For Drug Discovery Research, Laboratory Automation Needs to Be Flexible

July 8, 2022

Contributed Commentary by Ryan Bernhardt and Rob Harkness  

July 8, 2022 | Today, scientists who want to implement automation in their laboratories should choose an infrastructure that can provide long-term flexibility for their teams. Most drug discovery labs currently use some form of automation, but they do not always have the most adaptable systems, proving costly over time. Additionally, drug discovery and development teams are under increasing pressure to accelerate their workflows and get more therapeutic candidates into clinical trials. The ability to increase productivity with automation is essential to make that vision possible. Similarly, flexibility is critical for researchers to change workflows and take on new priorities quickly.  

Lab automation has evolved from simple machines designed to move sample tubes and plates between instruments to sophisticated systems that can dispense tiny quantities of liquid, transport samples between labs, and capture minute details in real-time. This evolution yields tangible benefits to the research process, and scientists now have more flexible schedules. They can also dedicate more time to designing new experiments and analyzing data that could yield the next blockbuster drug.  

Recent innovations offer even greater flexibility than what was possible a decade ago, though decisions about where and how to install equipment in the lab are far from mundane. Scientists can now experiment with various floor plans and instrument layouts to build more functional labs for their teams. Although automation is far more affordable than it used to be, it is still a significant investment for many labs. Understandably, the focus is often on identifying a vendor and buying the right blend of equipment and software. Questions about automation infrastructure flexibility, adaptability, and operability emerge only after the systems are installed and in use.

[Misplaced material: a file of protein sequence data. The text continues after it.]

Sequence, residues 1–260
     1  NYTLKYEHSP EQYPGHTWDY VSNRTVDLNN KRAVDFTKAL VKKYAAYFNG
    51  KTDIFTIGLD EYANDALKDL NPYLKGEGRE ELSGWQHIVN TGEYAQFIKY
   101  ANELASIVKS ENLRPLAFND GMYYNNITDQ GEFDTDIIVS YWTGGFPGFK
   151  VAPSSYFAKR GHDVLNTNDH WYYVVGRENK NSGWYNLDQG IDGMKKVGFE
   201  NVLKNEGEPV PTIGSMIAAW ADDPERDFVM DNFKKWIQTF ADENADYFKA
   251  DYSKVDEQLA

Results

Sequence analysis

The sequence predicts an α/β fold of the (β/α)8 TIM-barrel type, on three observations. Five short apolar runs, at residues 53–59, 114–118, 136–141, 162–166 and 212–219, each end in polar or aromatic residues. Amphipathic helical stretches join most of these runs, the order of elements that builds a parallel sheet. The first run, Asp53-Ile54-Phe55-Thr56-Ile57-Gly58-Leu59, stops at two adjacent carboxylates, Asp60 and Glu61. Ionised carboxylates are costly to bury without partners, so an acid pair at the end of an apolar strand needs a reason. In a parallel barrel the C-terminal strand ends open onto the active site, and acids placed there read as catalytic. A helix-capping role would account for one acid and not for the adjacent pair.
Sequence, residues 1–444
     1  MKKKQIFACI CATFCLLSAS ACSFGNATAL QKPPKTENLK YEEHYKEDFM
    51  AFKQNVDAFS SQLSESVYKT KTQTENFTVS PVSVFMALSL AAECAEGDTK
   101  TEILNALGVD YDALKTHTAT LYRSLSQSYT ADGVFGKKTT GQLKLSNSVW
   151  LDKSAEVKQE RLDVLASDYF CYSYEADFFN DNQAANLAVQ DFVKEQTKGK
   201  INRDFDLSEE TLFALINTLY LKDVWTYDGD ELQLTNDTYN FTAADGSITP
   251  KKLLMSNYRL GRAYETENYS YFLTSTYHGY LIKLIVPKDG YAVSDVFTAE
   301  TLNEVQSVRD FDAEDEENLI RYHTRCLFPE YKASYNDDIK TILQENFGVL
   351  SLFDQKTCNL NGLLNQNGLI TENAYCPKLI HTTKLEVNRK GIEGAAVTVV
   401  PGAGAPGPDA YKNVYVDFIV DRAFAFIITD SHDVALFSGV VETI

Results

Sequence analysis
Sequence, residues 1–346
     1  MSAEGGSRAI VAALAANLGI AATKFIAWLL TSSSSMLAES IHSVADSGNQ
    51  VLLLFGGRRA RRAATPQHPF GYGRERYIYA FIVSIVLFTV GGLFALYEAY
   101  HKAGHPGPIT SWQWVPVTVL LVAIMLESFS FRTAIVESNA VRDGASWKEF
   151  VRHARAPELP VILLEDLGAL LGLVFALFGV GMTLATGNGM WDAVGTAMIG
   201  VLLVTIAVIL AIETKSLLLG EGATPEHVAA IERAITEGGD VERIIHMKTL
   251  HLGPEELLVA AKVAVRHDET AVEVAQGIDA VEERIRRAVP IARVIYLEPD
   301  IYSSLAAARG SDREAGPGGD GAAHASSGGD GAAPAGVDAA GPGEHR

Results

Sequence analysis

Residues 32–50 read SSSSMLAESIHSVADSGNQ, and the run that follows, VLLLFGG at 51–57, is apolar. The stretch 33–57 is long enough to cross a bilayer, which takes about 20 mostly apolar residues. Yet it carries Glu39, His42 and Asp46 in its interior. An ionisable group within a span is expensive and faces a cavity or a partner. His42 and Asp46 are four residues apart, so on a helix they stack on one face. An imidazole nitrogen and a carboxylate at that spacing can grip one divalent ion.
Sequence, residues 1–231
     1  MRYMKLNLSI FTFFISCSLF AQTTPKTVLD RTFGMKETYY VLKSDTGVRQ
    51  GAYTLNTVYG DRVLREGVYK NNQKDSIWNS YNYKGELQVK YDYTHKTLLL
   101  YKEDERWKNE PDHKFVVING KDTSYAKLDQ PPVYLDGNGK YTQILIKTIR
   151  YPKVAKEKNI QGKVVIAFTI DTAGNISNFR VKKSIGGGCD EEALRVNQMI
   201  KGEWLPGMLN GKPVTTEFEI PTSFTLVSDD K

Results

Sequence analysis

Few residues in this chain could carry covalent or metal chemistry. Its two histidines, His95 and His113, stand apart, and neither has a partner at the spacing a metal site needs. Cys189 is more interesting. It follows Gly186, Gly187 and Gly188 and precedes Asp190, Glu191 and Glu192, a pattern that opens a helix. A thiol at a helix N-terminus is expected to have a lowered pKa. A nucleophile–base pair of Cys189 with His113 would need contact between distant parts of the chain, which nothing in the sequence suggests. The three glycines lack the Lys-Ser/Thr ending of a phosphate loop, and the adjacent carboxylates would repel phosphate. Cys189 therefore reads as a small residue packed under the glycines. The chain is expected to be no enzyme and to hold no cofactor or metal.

The planning stage should include conversations about the flexibility of automation to help ensure the long-term utility of these systems. There is a plethora of solutions available to help scientists get the most benefit from their systems. For instance, mobile robots–a relatively recent entrant to the automation space–expand on the strengths of their robotic arm predecessors. Today's robots use internal sensors to navigate independently around people and instruments while performing various simple but essential tasks in the lab. They also streamline the automation setup since the robots do not require bolting in place.  

In practice, scientists can break up workflows and run the robots across multiple workstations, floors, or even campuses. Teams can task them to move samples and reagents through designated routes, safely working around equipment and people. They can even assign robots to work exclusively on tasks and equipment for specific experiments. Upgrading mobile robots can also eliminate the need for fixed track-based systems and conveyor belts, where spatial flexibility may be more important than overall throughput. This approach also allows scientists to fully automate workflows within a more traditional laboratory setting with additional flexibility in placing instruments.